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Emerging into the light from Shanghai’s People’s Square subway station, I checked my bearings. The surrounding scene was a collage of angular glass towers, striking 1920’s buildings and the Shanghai Grand Theater and Shanghai Urban Planning Exhibition Center, which are modern takes on classic Chinese architecture.
People’s Square is Shanghai’s geographical center and is served by its largest subway hub, so another thought entered my mind — how much of the city could I visit by subway? I checked a map and started planning.
Like many cities with worsening traffic congestion, Shanghai’s subterranean rail network is a clean, efficient option for clients wishing to travel back and forth across the urban landscape. Purchasing a Jiaotong travel card is recommended. It can be used on metro transportation, taxis, buses and ferries in Shanghai and is easily topped off as required. Overall, it is a better value than buying individual tickets.
Shanghai significantly expanded its subway network in preparation for hosting the 2010 World Expo, and several signature attractions now have their own stations. In Puxi, the downtown Xintiandi dining, shopping and entertainment can be accessed via either Xintiandi or Huangpi South Road stations, while Yuyuan Garden station is the jumping-off point for the Yuyuan Chinese gardens, the pulsing Yuyuan Bazaar in the old city and the Huxingting Teahouse. Jingan Temple station offers easy access to both the famous Buddhist Temple and Jingan Park, where Shanghai elders practicing early morning tai chi has become a visitor attraction.
Across the Huangpu River in Pudong, the sky-high, 100th-floor Skywalk Observatory at the Shanghai World Financial Center is located between the Lujiazui and Dongchang Road stops. Popular for visitors with children to entertain, Shanghai Science and Technology Museum has its own self-named station, while one stop further is Century Park, a popular spot for weekend picnics and kite flying against the backdrop of the Shanghai skyline.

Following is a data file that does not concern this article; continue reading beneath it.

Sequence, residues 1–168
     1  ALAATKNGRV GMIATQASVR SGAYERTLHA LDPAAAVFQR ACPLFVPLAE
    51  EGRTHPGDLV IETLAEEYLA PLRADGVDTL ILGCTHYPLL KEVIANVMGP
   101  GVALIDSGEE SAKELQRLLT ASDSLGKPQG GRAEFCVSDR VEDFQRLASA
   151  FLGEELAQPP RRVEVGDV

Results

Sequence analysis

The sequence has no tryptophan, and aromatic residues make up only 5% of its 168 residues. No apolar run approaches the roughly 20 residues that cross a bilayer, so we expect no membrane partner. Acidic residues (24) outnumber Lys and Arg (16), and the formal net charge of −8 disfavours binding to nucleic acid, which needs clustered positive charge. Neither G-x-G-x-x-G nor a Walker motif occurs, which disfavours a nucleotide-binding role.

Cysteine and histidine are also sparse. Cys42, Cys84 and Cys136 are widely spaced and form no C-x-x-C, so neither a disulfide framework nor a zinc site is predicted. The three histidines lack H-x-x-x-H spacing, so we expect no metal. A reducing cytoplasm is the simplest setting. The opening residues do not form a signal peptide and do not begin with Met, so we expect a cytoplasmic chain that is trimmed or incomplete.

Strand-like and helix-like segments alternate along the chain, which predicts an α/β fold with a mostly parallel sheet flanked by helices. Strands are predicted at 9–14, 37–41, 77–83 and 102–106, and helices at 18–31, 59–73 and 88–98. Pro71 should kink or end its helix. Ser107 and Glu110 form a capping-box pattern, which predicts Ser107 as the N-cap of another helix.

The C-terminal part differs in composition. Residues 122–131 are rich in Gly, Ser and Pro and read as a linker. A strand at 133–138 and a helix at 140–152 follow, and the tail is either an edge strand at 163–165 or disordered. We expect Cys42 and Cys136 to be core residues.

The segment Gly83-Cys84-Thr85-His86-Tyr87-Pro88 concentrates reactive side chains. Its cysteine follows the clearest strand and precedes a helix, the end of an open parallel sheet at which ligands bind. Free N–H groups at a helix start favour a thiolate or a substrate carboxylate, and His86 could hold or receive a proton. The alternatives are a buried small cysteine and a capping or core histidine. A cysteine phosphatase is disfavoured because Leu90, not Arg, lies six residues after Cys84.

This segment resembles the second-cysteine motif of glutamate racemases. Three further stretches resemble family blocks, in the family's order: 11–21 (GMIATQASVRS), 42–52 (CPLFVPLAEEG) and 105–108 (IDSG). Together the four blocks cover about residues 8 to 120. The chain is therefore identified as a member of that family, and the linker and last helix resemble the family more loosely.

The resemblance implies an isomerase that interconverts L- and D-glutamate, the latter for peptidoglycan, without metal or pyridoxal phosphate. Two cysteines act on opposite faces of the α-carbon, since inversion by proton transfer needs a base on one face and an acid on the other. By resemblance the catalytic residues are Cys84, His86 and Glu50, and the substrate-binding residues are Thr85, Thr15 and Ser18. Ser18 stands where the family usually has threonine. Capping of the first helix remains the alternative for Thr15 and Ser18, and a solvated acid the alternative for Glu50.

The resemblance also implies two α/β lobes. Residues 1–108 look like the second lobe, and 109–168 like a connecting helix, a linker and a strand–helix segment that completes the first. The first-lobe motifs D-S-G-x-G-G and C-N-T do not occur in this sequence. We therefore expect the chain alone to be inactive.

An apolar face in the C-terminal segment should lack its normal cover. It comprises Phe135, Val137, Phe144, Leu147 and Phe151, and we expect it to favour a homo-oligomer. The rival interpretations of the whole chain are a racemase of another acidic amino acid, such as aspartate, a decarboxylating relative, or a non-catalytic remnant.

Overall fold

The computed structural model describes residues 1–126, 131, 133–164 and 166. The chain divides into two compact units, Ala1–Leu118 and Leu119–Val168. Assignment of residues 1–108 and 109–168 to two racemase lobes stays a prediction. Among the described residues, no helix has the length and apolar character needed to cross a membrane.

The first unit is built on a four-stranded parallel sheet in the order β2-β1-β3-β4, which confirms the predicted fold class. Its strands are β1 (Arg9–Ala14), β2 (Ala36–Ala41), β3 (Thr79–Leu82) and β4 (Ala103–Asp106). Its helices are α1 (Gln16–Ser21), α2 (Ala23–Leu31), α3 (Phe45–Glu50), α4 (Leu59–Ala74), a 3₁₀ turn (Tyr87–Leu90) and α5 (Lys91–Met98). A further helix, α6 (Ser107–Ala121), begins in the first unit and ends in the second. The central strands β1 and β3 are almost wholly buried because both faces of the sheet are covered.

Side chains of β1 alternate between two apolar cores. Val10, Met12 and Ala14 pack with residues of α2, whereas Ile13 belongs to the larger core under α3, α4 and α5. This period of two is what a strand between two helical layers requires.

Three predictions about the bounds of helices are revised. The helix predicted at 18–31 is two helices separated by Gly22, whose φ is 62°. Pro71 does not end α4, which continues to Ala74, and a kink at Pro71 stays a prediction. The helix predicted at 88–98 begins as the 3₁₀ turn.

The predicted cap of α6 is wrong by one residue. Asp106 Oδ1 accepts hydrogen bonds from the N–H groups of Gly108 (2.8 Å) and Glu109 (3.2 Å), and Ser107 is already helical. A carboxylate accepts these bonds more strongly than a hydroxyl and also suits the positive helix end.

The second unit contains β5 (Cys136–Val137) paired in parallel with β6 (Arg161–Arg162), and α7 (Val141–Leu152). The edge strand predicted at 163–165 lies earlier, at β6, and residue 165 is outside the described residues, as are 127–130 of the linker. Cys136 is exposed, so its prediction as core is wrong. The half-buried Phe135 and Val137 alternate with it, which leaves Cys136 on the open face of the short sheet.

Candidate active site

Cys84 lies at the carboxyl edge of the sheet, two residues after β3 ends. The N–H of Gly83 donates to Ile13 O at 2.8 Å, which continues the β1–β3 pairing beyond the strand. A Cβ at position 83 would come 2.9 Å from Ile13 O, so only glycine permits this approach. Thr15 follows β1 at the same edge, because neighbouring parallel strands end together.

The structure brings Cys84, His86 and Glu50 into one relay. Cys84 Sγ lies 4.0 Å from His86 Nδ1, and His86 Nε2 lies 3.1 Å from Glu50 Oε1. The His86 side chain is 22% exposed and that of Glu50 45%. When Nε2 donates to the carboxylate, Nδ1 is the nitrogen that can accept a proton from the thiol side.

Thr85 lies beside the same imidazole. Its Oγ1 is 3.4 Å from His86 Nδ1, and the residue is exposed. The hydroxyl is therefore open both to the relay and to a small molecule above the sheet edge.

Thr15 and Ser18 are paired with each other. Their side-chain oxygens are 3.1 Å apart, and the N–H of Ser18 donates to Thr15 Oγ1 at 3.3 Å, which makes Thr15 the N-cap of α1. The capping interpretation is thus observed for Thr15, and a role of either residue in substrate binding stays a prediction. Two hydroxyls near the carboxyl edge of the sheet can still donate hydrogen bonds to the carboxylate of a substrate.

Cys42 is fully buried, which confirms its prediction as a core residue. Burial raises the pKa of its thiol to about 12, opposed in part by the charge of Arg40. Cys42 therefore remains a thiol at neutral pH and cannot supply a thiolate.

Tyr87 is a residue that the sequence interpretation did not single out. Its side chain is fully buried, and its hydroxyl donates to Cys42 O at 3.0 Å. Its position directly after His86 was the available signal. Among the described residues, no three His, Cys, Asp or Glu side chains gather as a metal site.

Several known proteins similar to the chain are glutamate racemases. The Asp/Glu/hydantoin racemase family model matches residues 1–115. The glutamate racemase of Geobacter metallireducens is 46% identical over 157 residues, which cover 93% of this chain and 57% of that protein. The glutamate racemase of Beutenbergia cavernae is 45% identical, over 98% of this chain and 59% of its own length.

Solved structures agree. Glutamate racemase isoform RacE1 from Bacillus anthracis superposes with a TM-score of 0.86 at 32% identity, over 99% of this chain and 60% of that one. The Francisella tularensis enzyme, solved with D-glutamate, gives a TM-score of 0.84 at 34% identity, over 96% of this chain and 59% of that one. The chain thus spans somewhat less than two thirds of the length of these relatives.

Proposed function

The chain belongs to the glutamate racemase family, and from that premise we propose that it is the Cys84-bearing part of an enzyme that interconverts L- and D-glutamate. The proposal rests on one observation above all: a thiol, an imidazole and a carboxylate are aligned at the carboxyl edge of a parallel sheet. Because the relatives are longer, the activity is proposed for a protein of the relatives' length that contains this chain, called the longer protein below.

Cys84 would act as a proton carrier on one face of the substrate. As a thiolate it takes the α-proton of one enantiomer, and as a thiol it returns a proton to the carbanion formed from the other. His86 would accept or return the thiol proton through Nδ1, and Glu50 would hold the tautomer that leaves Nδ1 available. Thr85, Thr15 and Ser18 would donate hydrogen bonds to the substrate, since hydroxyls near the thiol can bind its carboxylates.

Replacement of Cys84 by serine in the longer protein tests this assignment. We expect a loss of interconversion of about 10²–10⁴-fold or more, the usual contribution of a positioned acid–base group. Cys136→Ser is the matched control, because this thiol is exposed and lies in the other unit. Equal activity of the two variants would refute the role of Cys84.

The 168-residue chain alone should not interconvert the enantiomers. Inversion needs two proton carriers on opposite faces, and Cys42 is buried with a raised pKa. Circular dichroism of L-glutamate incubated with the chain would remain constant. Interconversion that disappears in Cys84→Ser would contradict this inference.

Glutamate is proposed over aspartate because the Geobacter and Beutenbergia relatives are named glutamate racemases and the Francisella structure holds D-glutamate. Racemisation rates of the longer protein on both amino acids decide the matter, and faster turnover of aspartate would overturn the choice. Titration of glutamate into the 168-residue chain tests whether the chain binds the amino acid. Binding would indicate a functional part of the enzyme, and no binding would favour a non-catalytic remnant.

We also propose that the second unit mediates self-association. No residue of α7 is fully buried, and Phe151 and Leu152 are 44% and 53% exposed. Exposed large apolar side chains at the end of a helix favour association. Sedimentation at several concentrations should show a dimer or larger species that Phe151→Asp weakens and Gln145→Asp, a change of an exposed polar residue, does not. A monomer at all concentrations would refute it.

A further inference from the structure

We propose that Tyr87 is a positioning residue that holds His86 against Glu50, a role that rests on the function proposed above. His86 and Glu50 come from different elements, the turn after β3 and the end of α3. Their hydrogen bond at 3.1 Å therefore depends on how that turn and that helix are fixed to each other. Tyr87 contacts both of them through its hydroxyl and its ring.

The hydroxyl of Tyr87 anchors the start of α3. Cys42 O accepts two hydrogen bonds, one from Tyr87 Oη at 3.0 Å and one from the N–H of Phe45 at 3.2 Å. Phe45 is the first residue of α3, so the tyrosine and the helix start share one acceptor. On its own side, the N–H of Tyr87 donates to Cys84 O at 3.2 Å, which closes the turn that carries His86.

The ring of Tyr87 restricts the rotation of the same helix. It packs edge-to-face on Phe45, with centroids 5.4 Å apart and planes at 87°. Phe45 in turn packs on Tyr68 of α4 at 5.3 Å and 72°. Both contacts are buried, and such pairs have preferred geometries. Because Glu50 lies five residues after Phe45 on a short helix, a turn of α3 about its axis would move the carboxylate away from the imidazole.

Clients wishing to visit the recently opened China Art Palace in Pudong — which occupies the eye-catching China Pavilion built for the 2010 World Expo and claims the world’s largest collection of modern Chinese art — should use the China Art Museum station.
Significant extensions to the subway system beyond downtown have also made accessible excursion locations that were previously hard to reach. About 12 miles west of downtown is the small town of Sheshan, which sits at the base of Sheshan Hill. Most visitors come to see Sheshan Cathedral, an exquisite red brick basilica sat atop the hill. Adjacent is an observatory established by Jesuits in 1898, which is now home to a small museum dedicated to Chinese astronomy. Free public bicycles and maps are available from the kiosk in front of Sheshan metro station, which is a great way to explore this bucolic area on a sunny day.
From hilltop to canalside, the atmospheric village of Qibao is one of several historic canal settlements dotted across the flat countryside outside Shanghai. Less visited than more popular tourism villages like Zhujiajiao, Zhouzhuang and Xitang, it is most famous for its beautiful Buddhist temple and local street snacks, such as glutinous rice cakes filled with red bean paste, smoked toads and candied hawberries.
Food fans may also be interested in riding the subway to the northwestern town of Nanxiang — the place of origin of the famed dumplings eaten voraciously across Shanghai, and most particularly at the famous Nanxiang Dumpling restaurant in Yuyuan Gardens. Another reason to visit Nanxiang is Yunxiang Temple, claimed to be the only temple built in the Tang Dynasty that is still in existence in Shanghai.
Shanghai offers several hotels that are conveniently located near subway stations such as:
The Jia ShanghaiNanjing West Road stationwww.jiashanghai.com
The Puli Hotel and SpaJingan Temple stationwww.thepuli.com
The Ritz-Carlton Shanghai, PudongLujiazui stationwww.ritzcarlton.com